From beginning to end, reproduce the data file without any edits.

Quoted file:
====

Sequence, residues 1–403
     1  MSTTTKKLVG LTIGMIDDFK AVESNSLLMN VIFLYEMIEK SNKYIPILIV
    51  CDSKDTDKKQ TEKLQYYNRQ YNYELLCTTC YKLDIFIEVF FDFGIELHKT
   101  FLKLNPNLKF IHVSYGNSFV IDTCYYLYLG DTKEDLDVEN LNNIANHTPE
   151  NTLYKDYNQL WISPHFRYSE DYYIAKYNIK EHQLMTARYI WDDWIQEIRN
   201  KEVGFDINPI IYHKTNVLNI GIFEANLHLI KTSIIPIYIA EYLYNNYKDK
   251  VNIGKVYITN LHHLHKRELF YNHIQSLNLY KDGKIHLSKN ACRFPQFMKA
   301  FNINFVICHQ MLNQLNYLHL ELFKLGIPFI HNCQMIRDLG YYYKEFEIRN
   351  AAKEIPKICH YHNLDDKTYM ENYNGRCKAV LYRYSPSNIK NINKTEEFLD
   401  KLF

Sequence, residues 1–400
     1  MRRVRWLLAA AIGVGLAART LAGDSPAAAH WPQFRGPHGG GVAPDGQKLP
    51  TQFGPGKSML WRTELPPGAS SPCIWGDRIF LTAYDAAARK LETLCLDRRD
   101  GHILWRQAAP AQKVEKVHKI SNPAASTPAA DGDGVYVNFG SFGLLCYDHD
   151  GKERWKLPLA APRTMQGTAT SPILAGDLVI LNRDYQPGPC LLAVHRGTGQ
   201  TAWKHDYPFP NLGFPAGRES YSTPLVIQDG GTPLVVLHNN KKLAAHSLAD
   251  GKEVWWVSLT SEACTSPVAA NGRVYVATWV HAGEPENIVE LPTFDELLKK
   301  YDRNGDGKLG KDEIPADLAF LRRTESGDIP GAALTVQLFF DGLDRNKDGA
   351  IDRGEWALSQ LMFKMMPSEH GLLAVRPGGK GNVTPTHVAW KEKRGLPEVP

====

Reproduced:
Sequence, residues 1–403
     1  MSTTTKKLVG LTIGMIDDFK AVESNSLLMN VIFLYEMIEK SNKYIPILIV
    51  CDSKDTDKKQ TEKLQYYNRQ YNYELLCTTC YKLDIFIEVF FDFGIELHKT
   101  FLKLNPNLKF IHVSYGNSFV IDTCYYLYLG DTKEDLDVEN LNNIANHTPE
   151  NTLYKDYNQL WISPHFRYSE DYYIAKYNIK EHQLMTARYI WDDWIQEIRN
   201  KEVGFDINPI IYHKTNVLNI GIFEANLHLI KTSIIPIYIA EYLYNNYKDK
   251  VNIGKVYITN LHHLHKRELF YNHIQSLNLY KDGKIHLSKN ACRFPQFMKA
   301  FNINFVICHQ MLNQLNYLHL ELFKLGIPFI HNCQMIRDLG YYYKEFEIRN
   351  AAKEIPKICH YHNLDDKTYM ENYNGRCKAV LYRYSPSNIK NINKTEEFLD
   401  KLF

Sequence, residues 1–400
     1  MRRVRWLLAA AIGVGLAART LAGDSPAAAH WPQFRGPHGG GVAPDGQKLP
    51  TQFGPGKSML WRTELPPGAS SPCIWGDRIF LTAYDAAARK LETLCLDRRD
   101  GHILWRQAAP AQKVEKVHKI SNPAASTPAA DGDGVYVNFG SFGLLCYDHD
   151  GKERWKLPLA APRTMQGTAT SPILAGDLVI LNRDYQPGPC LLAVHRGTGQ
   201  TAWKHDYPFP NLGFPAGRES YSTPLVIQDG GTPLVVLHNN KKLAAHSLAD
   251  GKEVWWVSLT SEACTSPVAA NGRVYVATWV HAGEPENIVE LPTFDELLKK
   301  YDRNGDGKLG KDEIPADLAF LRRTESGDIP GAALTVQLFF DGLDRNKDGA
   351  IDRGEWALSQ LMFKMMPSEH GLLAVRPGGK GNVTPTHVAW KEKRGLPEVP